Data were analysed using Intercooled Stata 10.1 software (StataCorp LP, Texas, USA). Non-participants are defined as individuals who participated in Phase 1 of the study but did not participate in Phase 3. Differences between participants and non-participants for both cohorts were investigated using Mann-Whitney analysis (SER & socioeconomic rank), student t-tests (age) and chi-squared analysis (gender, refraction classification, spectacle wear at Phase 1, parental education & parental myopia). Socio-economic rank was determined using a Geographical Information Systems (GIS) approach. Unit postcode address information and the Northern Ireland multiple deprivation measure were applied to assign an area-based rank measure of economic deprivation to each child. The measure, calculated at the small scale census Output Area (OA) level, is based on three weighted domains of deprivation: income (41.7%), employment (41.7%) and proximity to services (16.6%). Level of parental education and parental myopia were established through parent/guardian questionnaire based survey at Phase 1. For parental education, participants were dichotomised as having at least one parent with third level education (college or university degree) or neither parent had third level education and for parental myopia, participants were dichotomised as having at least one myopic parent or having no myopic parents.
Cross-sectional distribution of refractive errors are presented for Phase 1 and Phase 3. Cumulative incidence of myopia was calculated as the number of individuals who were classified as myopic at Phase 3 but were not classified as myopic at Phase 1. Cumulative reduction in hyperopia (≥+2.00DS) was also assessed and is reported as the number of individuals classified as hyperopic at Phase 1 but not classified as hyperopic by Phase 3. Annual incidence of myopia (or reduction of hyperopia) were calculated by dividing the cumulative incidence (or reduction) by the mean follow-up interval (years) for each cohort as a whole. Six-year cumulative change in SER was calculated as “measurement at Phase 3”–“measurement at Phase 1”. Estimated annual change in SER was calculated by dividing the change from Phase 1 to Phase 3 by the time interval between examinations for each individual. The Shapiro-Wilk test was used to determine normality of the data. Mann-Whitney and Kruskal-Wallis tests or their parametric equivalents (Student t-test or analysis of variance) where appropriate, were used to analyse differences between cohorts and refractive error groups. Mixed effect logistic regression analyses and two sample tests of proportion were used to compare distribution differences within the NICER study and between the NICER study data and that of Sorsby et al. and French et al. . Chi-squared analyses were used for categorical and percentage comparisons. A p value of less than 0.05 was considered statistically significant.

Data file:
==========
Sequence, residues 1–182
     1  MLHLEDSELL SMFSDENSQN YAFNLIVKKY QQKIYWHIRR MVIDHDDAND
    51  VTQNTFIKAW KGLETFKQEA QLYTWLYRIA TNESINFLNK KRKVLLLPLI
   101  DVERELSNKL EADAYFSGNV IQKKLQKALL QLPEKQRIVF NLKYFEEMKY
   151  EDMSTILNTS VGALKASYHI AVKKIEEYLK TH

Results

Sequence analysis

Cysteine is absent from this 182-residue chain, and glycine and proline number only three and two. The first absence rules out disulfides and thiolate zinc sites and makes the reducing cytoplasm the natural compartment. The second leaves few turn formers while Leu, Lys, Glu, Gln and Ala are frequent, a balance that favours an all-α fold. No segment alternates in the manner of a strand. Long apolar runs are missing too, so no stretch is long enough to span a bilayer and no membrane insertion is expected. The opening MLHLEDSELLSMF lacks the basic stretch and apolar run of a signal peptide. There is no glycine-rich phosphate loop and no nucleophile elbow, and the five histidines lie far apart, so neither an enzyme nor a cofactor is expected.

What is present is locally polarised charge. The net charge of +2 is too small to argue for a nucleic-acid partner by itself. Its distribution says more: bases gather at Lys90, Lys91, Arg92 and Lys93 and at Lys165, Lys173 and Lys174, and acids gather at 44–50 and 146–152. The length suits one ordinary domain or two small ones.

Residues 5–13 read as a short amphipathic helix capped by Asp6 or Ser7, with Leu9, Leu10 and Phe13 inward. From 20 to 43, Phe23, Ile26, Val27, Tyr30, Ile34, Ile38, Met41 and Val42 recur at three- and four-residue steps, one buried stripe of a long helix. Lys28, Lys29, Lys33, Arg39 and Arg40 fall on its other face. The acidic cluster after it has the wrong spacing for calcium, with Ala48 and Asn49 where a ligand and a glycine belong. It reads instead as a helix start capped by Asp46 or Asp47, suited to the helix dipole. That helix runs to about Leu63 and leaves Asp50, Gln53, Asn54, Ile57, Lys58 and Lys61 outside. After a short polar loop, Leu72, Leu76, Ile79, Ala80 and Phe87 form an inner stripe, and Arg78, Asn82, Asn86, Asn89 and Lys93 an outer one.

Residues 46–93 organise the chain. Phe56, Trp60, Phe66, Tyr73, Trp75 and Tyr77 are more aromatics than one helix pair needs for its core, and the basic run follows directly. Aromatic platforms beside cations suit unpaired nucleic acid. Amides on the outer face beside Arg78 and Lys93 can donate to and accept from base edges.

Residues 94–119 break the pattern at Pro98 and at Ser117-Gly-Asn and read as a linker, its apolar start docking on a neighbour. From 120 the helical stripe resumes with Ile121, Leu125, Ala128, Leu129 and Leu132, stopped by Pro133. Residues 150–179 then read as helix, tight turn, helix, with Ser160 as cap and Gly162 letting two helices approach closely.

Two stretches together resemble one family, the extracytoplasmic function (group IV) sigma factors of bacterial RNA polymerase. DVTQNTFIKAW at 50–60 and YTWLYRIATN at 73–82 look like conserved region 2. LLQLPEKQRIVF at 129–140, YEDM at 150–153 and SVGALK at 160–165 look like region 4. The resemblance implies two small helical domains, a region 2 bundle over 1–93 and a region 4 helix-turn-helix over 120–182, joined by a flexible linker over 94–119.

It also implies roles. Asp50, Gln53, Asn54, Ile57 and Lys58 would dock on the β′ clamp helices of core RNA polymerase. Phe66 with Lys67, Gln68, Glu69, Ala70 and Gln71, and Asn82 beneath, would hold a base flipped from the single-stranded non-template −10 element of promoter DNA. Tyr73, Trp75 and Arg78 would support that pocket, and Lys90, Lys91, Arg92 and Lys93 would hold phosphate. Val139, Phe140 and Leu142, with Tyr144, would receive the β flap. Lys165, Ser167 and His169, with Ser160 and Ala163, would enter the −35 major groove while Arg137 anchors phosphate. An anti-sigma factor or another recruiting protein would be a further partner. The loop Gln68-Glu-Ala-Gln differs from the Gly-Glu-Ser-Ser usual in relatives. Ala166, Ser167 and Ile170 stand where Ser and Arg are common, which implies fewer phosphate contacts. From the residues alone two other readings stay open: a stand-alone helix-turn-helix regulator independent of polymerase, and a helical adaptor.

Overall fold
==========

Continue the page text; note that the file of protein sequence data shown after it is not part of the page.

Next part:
All participants who took part in Phase 1 were eligible to participate in Phase 3 irrespective of their participation in Phase 2. We were unable to contact a number of participants at Phase 3 in both the younger (n = 25, 6.0%) and older cohorts (n = 8, 1.2%). From Phase 1, overall participation in Phase 3 was 54% and 34% for the younger and older cohorts respectively. The majority of participants at Phase 3 were white (99%), reflective of the Northern Irish population,  therefore data are reported for white participants only. One participant in the older cohort was also excluded from data analysis due to emergent ocular pathology (keratoconus). Data are presented for 212 participants within the younger cohort (50% male) and for 226 participants within the older cohort (43% male). Fig 1 describes the number of participants contacted, recruited and examined at Phase 3.
The mean age of the younger cohort at Phase 3 was 13.1±0.4 years (range 12.4 to 13.9 years). There was no statistically significant difference between participants and non-participants at Phase 3 in terms of age (t = 1.39, p = 0.17), gender (Χ2 = 0.0014, p = 0.97), refractive error (SER [z = -0.18, p = 0.86] or refractive classification [Χ2 = 0.95, p = 0.81]), spectacle wearers vs non-spectacle wearers (Χ2 = 0.41, p = 0.52) and socio-economic indicators (socio-economic rank [z = -1.46, p = 0.14], and parental education [Χ2 = 0.05, p = 0.83]). Those who had at least one myopic parent were more likely to participate at Phase 3 compared to those with no myopic parents (Χ2 = 10.51, p = 0.001).